# Improving the localisation accuracy of AUVs operating in highly variable environmental conditions

Randeni Pathiranachchilage, SAT ORCID: 0000-0003-3266-2810 2018 , 'Improving the localisation accuracy of AUVs operating in highly variable environmental conditions', PhD thesis, University of Tasmania.

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## Abstract

The objective of this thesis is to contribute to Autonomous Underwater Vehicle (AUV) navigation by improving vehicle localisation accuracy when Doppler Velocity Log (DVL) bottom-tracking is unavailable. The Inertial Navigation System (INS) based localisation solution is prone to extreme uncertainties due to double integration of inherent errors within the INS acceleration measurements, unless the solution being externally aided (e.g. velocity measurements using the DVL bottom-track). As a solution for this, an improved model-aided INS localisation technique is introduced, which is complimented with the development of a novel model calibration and new water column velocity estimation method. The techniques established in this project are tested and validated using experimental data from a set of field manoeuvres using a Gavia class AUV and the performance is compared against other commonly used localisation methods.
A baseline mathematical model was developed in this work using system identification to predict the motion response of the AUV based on its control commands. However, such models are generally calibrated for low water column velocities and a standard vehicle configuration, and are limited in application for variations in environmental conditions. To address this limitation, a novel model calibration technique was established to field calibrate the parameters within the baseline model to the current operating condition and vehicle configuration. Model calibration improved the results of the baseline model up to 73% when operating in low energy environments and the AUV position can be computed within an uncertainty range of 1.5% of the distance travelled. In comparison, uncertainties of conventional non-bottom-tracking localisation techniques could be up to 10% in similar environmental conditions. A secondary approach is also presented to determine the hydrodynamic coefficients of the mathematical model using Computational Fluid Dynamics (CFD) simulations and captive model experiments when the AUV is operating in complex flow conditions.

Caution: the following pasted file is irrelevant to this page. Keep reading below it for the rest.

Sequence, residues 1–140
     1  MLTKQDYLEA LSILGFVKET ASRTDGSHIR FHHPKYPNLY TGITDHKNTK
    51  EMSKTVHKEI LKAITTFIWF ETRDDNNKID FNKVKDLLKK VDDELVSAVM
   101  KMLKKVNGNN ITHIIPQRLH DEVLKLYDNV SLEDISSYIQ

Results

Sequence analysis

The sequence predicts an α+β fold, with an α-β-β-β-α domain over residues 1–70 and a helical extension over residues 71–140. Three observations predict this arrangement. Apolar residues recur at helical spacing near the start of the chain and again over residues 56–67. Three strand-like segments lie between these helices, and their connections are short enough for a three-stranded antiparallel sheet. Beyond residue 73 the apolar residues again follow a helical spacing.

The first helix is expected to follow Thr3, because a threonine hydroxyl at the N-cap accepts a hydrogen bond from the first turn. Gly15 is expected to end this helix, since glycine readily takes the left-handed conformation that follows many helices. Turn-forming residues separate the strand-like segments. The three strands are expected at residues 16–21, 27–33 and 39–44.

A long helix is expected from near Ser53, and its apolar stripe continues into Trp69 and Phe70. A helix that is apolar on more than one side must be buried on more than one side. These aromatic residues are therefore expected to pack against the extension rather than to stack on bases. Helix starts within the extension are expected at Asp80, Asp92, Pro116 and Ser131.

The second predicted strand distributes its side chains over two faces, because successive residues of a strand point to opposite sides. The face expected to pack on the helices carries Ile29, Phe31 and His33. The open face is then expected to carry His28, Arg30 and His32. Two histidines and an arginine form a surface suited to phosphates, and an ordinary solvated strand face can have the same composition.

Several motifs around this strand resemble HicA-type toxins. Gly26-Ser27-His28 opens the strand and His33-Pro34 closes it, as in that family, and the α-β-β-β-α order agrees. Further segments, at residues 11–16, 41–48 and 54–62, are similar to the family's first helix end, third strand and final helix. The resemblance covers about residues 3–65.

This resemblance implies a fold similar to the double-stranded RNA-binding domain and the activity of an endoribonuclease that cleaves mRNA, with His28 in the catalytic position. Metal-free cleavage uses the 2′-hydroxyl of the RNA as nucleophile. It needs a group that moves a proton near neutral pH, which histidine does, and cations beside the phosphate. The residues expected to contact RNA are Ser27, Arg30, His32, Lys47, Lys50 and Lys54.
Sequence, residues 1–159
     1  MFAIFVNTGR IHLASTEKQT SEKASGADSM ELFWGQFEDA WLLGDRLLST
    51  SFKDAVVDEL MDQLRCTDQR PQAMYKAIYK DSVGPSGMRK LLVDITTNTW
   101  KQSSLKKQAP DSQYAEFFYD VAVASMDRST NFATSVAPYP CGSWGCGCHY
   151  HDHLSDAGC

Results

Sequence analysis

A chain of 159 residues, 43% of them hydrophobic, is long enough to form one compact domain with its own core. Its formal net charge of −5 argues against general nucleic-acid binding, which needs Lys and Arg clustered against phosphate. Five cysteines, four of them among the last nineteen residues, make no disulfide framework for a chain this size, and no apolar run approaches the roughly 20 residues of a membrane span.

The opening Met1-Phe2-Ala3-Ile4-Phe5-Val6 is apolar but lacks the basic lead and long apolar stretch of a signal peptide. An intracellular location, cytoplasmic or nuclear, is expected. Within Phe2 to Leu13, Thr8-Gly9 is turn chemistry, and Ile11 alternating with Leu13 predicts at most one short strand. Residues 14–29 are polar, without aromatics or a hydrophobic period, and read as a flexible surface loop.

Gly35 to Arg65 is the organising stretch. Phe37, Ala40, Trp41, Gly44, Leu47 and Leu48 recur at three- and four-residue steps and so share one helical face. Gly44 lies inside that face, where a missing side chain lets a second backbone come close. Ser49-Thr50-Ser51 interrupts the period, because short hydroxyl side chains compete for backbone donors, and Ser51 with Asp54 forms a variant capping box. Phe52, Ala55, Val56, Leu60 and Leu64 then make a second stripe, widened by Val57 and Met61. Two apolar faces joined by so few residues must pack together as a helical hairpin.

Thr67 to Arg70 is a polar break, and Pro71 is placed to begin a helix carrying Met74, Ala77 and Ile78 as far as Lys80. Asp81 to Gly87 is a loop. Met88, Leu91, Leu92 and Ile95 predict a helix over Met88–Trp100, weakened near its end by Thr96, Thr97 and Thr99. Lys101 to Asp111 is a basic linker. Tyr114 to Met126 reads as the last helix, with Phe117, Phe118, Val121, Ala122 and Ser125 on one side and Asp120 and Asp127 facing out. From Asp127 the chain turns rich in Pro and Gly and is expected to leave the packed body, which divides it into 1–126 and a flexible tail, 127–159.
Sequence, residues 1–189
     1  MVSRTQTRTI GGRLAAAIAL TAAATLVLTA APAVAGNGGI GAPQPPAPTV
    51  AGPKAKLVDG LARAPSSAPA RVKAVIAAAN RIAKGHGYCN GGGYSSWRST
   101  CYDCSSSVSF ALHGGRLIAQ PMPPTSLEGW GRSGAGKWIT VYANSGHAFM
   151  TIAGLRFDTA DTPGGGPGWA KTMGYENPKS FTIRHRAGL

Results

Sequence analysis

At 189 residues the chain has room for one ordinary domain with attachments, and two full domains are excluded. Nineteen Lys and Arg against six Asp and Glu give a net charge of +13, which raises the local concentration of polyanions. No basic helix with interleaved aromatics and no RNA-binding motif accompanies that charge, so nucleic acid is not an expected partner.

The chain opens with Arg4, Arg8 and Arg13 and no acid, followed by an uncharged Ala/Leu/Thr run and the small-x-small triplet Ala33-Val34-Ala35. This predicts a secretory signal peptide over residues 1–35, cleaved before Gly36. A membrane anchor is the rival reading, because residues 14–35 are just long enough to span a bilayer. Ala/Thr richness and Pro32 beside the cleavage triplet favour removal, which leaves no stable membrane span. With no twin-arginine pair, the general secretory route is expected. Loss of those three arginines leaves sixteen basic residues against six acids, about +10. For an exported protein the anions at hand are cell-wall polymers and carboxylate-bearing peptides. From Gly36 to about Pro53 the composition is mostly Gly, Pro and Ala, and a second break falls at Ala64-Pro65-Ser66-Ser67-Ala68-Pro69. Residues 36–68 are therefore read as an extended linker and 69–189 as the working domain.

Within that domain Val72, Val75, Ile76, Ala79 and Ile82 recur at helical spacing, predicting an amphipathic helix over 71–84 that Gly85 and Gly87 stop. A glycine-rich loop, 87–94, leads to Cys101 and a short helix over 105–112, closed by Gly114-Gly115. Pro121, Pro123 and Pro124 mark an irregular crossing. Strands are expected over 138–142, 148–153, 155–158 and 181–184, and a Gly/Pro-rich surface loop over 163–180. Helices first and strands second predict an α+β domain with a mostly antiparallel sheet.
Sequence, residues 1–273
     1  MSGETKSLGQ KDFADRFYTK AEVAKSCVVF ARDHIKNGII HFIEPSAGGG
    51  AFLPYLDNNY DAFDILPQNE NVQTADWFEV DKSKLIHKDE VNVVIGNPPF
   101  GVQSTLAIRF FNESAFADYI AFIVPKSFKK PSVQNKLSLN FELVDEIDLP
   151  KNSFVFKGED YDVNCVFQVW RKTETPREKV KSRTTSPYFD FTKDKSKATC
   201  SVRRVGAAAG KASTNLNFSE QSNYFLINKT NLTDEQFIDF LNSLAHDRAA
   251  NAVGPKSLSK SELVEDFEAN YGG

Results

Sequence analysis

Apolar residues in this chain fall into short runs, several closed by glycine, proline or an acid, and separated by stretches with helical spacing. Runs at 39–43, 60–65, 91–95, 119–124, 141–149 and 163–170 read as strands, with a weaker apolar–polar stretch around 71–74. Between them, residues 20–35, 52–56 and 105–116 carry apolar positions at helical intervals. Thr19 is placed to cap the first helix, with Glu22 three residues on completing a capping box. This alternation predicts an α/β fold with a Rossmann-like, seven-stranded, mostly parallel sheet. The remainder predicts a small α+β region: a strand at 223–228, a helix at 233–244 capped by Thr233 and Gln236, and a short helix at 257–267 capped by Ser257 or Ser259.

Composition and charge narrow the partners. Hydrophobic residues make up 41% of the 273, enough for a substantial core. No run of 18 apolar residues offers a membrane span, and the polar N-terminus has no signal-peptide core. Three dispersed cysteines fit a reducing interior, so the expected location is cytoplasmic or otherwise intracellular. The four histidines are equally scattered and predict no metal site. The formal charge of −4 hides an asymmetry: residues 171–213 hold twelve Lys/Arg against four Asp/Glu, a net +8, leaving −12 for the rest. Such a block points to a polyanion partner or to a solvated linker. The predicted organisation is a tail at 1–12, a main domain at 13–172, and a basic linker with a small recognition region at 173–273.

A non-acoustic method was introduced to estimate the velocity of the water column using the motion response of the AUV. This method is capable of accurately estimating water column velocities in proximity to the AUV (i.e., the water column velocities at the same depth as the vehicle is), which is not typically resolved with existing methods such as acoustic Doppler current profilers. When the mathematical model-aided localisation solution is complimented with water column velocity prediction method, the localisation error is limited to less than 6% of the distance travelled even in extremely high currents (i.e. >2 m s$$^{-1}$$ in tested conditions). In such environmental conditions, the uncertainties of other commonly used non-bottom-tracking localisation methods, as tested against in this work, such as DVL water-track mode and unaided INS could be above 30%.
One of the key advantages of the proposed localisation technique is that it could be applied to any torpedo shaped AUV (for example, platforms such as REMUS, Iver, Bluefin, Explorer, etc.) of any configuration by simply conducting a set of established field manoeuvres to identify its mathematical model parameters. Further, additional sensors beyond a typical AUV navigational payload (i.e. global positioning, accelerometers and gyroscopes) are not required to implement this technique in an AUV. The localisation technique developed in this thesis is capable of improving the motion control and navigation solution of the AUV in the absence of DVL bottom-tracking, which is critical for the expansion of vehicle performance in extreme environmental conditions.